But a particular feature of the existing airport is its Premium Terminal, for business and first class flyers, which recently and for the second year running was named Skytrax's best premium service airport.
This separate terminal for business and first class has fine dining and spa facilities - and is so comfortable that it's a feasible thought that holiday travellers might rest here and catch a later plane, to pause a journey rather than actually stopping over. It has dedicated e-gates for immigration and check-in desks.
Qatar Airways also has a Premium Lounge at London's Heathrow but apart from these two Premium Lounges at Doha and London, Qatar Airways shares all other lounges - making individual decisions depending on the quality and availability of lounges in specific airports. It has not been finalised which lounge will be used in Perth for business and first class passengers.
Flyers are eligible for QMiles, Qatar's frequent flyer program.
But let's consider getting off in Doha, as Qatar Airways bases some of its most competitive airfares on travellers having a 48-hour stopover here.
Hotels like Grand Hyatt Doha are world class. It has a private beach, swimming pools, landscaped gardens and excellent service. Its restaurants are excellent and there is a delightful local Arabian cuisine - flatbreads, dips, lamb and chicken kebabs, naughty Middle Eastern sweets. In addition to resort life and dining, souk trawling, city and dhow tours, the Museum of Islamic Art and a visit to the Inland Sea will fit nicely into a 48-hour stopover.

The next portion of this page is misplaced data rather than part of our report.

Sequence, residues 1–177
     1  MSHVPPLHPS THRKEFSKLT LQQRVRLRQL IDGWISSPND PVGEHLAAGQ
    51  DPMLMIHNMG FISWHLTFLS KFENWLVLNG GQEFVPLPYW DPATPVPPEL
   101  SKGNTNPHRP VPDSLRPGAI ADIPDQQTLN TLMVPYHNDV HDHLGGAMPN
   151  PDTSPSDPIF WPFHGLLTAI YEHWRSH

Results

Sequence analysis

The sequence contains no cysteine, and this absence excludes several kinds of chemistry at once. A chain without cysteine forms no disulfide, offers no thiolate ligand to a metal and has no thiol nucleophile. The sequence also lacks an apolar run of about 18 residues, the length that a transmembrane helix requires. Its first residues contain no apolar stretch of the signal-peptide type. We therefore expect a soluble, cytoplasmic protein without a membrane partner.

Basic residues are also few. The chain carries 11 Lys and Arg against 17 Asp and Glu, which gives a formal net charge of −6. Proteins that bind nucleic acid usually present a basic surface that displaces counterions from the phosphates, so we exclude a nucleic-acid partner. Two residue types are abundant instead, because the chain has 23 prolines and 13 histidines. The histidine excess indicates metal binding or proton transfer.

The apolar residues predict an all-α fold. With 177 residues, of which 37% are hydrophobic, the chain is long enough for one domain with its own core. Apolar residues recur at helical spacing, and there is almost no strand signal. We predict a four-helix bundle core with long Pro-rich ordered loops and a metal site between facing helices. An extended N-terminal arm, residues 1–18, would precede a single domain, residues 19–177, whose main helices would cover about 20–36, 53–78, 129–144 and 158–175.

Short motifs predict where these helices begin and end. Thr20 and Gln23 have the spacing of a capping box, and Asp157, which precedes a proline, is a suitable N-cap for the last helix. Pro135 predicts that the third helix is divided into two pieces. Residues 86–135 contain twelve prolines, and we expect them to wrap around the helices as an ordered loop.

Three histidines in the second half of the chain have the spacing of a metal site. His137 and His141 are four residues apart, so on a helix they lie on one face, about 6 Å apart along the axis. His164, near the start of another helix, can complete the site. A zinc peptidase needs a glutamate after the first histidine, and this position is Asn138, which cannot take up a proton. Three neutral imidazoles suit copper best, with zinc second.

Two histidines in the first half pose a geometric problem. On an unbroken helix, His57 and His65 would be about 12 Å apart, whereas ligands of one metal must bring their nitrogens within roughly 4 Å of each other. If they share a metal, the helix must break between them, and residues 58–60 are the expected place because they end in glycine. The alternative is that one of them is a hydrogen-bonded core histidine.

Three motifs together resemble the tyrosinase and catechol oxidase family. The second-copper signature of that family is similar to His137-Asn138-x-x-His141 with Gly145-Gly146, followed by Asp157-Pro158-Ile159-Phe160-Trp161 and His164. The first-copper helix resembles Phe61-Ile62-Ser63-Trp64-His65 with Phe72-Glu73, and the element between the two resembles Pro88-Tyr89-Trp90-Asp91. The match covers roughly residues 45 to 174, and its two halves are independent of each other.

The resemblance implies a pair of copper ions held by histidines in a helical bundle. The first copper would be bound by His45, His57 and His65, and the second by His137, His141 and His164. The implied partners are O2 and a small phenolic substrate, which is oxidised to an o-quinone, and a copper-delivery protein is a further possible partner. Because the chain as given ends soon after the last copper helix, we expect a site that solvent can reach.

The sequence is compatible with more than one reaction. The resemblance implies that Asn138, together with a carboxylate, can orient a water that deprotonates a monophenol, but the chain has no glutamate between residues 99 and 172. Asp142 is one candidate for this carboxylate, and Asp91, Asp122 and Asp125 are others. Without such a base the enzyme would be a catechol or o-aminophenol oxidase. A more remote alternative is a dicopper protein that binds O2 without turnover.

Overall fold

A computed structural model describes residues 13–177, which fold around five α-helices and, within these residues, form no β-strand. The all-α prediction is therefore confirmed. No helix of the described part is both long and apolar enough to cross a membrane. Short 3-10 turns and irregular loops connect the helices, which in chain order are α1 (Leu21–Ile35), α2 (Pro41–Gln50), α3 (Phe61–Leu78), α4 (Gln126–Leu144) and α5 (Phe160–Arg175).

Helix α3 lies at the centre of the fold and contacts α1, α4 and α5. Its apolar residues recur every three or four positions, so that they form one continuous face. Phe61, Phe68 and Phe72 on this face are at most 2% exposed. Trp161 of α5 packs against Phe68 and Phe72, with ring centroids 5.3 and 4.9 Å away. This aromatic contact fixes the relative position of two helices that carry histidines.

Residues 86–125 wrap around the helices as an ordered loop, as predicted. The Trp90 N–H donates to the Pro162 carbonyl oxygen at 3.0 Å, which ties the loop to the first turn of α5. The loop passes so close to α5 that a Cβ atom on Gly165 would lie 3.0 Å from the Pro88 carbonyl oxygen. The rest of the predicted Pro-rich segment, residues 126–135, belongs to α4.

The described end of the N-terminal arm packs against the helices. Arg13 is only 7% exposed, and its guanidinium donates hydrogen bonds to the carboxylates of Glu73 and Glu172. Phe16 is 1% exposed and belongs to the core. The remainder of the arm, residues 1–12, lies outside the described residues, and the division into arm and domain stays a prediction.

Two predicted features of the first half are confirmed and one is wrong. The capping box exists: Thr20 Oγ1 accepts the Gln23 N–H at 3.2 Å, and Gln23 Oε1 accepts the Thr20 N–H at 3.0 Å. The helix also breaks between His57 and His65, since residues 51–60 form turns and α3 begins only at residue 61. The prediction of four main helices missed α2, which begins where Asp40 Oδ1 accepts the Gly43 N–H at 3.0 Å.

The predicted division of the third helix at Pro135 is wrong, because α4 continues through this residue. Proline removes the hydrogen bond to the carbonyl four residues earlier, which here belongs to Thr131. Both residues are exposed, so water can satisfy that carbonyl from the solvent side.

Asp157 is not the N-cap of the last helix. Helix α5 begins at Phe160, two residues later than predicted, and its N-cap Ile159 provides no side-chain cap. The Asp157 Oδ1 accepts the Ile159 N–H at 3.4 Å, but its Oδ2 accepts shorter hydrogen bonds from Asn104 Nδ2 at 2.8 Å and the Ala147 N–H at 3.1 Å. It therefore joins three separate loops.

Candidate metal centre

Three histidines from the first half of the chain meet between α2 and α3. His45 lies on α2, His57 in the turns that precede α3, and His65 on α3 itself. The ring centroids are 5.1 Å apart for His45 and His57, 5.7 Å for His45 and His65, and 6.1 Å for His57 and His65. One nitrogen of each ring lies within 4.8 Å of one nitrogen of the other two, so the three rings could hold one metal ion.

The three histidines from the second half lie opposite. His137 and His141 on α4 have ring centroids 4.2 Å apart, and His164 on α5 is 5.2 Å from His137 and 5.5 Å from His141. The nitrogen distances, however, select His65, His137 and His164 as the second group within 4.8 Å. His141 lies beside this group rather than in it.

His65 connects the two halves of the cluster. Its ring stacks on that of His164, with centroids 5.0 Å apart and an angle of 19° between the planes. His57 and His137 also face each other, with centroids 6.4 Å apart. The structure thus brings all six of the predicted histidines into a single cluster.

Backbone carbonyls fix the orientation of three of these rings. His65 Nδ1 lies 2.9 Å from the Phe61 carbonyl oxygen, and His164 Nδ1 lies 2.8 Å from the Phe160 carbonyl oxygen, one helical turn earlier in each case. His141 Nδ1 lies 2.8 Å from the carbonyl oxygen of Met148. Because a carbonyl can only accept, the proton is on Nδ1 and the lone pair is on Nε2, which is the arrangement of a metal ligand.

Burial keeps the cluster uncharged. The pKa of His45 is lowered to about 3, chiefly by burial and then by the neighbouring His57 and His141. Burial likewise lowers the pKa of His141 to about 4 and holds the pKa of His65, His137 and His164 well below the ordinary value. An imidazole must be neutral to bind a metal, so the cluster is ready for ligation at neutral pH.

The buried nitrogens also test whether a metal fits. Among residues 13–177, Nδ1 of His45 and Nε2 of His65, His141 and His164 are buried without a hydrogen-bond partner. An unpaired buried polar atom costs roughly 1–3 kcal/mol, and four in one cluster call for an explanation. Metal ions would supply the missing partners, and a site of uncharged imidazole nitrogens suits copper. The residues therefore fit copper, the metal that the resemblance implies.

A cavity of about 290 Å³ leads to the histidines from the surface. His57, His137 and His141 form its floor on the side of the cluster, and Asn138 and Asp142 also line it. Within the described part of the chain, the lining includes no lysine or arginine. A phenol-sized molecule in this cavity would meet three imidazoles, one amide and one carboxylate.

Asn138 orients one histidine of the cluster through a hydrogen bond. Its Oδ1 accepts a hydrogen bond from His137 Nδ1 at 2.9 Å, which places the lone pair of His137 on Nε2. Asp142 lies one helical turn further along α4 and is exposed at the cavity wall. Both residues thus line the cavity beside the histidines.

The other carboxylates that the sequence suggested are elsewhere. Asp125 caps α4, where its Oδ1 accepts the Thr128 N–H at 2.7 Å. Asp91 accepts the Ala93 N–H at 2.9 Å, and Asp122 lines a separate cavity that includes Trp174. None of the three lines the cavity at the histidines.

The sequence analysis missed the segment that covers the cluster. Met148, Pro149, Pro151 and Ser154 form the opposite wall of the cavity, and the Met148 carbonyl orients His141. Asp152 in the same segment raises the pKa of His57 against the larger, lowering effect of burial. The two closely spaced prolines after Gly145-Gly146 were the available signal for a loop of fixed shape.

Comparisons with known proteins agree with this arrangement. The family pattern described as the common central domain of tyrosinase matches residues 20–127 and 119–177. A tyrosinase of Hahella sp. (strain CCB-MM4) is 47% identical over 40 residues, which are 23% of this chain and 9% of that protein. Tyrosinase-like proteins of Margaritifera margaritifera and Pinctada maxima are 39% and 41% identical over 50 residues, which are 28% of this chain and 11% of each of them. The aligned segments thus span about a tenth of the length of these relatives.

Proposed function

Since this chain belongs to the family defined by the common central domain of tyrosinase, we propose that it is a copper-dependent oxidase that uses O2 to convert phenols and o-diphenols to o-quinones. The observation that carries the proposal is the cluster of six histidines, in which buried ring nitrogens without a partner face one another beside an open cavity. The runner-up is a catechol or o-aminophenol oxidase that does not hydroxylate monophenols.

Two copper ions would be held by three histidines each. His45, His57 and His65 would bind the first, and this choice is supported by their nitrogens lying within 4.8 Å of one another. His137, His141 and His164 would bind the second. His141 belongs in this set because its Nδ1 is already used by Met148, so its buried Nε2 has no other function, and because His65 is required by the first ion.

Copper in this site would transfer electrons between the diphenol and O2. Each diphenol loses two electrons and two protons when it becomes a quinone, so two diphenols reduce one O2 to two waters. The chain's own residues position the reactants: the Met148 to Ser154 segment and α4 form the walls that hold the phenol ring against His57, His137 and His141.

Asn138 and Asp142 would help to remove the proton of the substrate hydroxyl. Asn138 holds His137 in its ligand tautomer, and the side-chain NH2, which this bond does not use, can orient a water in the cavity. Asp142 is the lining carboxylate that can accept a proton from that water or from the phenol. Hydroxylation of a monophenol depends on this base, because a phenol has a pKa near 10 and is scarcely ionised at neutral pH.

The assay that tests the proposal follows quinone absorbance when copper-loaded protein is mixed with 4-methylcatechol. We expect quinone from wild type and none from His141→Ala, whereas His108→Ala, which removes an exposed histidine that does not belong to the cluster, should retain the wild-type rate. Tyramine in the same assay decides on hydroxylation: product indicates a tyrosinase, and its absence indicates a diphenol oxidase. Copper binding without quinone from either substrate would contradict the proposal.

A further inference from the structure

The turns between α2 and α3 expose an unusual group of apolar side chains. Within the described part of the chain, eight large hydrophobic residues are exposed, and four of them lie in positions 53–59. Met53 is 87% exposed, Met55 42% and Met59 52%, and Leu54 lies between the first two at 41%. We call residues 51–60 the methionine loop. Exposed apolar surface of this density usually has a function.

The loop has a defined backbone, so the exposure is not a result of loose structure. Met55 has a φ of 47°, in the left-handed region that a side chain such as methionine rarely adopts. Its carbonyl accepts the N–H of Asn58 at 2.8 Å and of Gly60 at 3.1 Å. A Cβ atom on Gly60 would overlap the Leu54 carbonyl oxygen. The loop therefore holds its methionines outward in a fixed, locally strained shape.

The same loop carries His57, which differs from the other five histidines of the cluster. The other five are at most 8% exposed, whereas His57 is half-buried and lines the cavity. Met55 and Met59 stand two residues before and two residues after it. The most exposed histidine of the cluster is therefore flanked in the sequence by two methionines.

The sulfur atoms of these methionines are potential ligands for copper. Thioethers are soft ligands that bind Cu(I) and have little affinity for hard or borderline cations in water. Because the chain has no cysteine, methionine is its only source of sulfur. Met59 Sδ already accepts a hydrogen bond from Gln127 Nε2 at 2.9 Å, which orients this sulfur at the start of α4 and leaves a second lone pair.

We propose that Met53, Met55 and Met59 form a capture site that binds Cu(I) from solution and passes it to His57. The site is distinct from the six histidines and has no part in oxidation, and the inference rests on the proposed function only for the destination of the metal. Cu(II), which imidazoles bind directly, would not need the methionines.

The call to prayer has rung out through the morning from minarets, the swimmer is long gone and the sun is now high. A new day has dawned.
·Stephen Scourfield was a guest of Qatar Airways.
·Flights can be booked, with 48-hour stopover packages, at travel agents, qatarairways.com/au or on 1300 340 600.·The Grand Hyatt Doha can be booked by adding as a stopover when booking a Qatar Airways flight. Or book at doha.grand.hyatt.com/hyatt or by calling +974 4448 1234 (Doha is five hours behind Perth). Prices naturally vary depending on room type, date and length of stay but there is currently an offer for a stay of a minimum of three nights for about $160 per room per night.